Sports is the biggest image builder of a nation. And, globally, no game is as popular as football. This explains why Qatar, the world’s richest country, decided to spend such large sums to host the FIFA World Cup 2022. After building a billion-dollar air base in the mid-1990s, which it offered to the US, Qatar’s ruling Al Thani family runs Qatar Airways, adjudged as the world’s best airline for seven years in a row, and powerful international media network, Al Jazeera. It has been making large investments in globally popular sports to further enhance the country’s international reputation. Qatar Sports Investments purchased Paris Saint-Germain in 2011 and turned a rickety French football club into a European powerhouse. Various Qatari organisations have struck sponsorship deals with European clubs such as Barcelona (£30 million a year to sponsor its shirt), Real Madrid, Bayern Munich and A.S. Roma. Back home, the government spends prodigiously on a Qatari football league.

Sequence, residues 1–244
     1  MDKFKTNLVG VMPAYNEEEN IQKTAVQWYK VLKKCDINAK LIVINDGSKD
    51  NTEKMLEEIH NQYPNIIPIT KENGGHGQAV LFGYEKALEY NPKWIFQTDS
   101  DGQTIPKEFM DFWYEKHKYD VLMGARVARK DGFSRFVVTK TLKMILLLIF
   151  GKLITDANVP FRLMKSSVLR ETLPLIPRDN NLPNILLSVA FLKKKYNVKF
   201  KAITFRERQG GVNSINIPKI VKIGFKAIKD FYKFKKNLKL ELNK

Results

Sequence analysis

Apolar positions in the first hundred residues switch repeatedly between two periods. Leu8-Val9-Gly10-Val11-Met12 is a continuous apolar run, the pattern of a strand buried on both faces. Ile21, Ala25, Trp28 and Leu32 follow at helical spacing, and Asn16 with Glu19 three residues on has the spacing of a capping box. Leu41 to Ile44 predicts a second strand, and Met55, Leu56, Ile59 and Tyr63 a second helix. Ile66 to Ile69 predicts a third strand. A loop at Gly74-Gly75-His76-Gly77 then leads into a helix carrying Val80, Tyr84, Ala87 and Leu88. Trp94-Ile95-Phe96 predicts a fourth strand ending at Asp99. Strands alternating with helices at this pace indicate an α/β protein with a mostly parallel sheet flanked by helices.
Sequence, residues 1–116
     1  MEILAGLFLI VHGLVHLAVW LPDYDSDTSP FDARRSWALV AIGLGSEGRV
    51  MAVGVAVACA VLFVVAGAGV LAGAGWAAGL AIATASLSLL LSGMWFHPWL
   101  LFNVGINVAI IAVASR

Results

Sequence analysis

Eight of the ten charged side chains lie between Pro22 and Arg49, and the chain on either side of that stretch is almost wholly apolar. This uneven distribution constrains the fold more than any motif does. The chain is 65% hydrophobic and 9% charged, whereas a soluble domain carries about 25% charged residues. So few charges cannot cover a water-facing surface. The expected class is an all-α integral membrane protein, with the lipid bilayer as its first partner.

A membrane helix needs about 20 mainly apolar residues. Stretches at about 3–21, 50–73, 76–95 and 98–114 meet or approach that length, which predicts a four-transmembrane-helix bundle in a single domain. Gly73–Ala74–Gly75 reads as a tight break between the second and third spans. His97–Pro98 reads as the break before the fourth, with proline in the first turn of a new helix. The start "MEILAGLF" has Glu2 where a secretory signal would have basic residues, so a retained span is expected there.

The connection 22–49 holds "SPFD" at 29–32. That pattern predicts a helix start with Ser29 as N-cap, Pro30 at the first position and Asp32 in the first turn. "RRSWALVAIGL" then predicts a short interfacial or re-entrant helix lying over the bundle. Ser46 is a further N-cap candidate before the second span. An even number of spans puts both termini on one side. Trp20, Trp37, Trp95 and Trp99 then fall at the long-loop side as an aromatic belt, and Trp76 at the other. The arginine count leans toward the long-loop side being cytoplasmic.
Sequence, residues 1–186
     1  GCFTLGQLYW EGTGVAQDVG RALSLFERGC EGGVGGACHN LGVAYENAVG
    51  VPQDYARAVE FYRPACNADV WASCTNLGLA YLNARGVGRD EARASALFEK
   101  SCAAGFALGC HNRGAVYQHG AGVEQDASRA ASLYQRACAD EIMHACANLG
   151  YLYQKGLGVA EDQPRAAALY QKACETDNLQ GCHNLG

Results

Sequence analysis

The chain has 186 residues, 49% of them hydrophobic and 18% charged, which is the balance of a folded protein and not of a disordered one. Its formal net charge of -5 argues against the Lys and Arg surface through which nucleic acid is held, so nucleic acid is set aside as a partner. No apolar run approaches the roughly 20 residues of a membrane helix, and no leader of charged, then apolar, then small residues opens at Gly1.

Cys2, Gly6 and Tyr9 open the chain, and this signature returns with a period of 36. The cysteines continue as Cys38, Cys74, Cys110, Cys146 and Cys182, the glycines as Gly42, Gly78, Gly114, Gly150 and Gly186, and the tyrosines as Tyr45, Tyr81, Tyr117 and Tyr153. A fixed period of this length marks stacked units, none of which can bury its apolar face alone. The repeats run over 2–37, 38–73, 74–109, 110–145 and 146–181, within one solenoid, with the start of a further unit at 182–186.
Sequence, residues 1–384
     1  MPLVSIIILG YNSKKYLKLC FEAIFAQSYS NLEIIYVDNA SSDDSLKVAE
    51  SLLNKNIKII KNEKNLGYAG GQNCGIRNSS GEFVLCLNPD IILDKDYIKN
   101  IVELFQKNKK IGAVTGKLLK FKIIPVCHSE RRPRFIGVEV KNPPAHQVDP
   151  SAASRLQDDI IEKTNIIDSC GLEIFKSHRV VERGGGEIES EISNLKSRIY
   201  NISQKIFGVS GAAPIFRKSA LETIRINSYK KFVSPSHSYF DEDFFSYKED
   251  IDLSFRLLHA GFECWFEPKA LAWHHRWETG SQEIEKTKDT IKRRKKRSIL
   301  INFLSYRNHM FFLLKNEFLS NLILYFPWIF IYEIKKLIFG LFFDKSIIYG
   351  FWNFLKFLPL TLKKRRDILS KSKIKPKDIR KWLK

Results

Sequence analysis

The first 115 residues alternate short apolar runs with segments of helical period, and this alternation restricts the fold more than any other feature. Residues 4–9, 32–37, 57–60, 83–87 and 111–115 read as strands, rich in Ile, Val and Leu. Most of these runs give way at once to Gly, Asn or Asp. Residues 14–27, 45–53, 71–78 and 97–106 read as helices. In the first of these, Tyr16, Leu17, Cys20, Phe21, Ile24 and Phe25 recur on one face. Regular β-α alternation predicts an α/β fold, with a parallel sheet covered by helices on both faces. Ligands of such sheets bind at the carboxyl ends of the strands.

India has a lot to learn from Qatar’s hosting of the FIFA world cup as part of its global reputation building exercise. With the size of India’s economy showing an impressive growth – $40-trillion GDP by 2047 as predicted last week by Reliance Industries chairman Mukesh Ambani – the country has to work hard to enhance its global reputation by gradually becoming a sporting superpower. India will need large government and private equity in sports to make it possible. (IPA)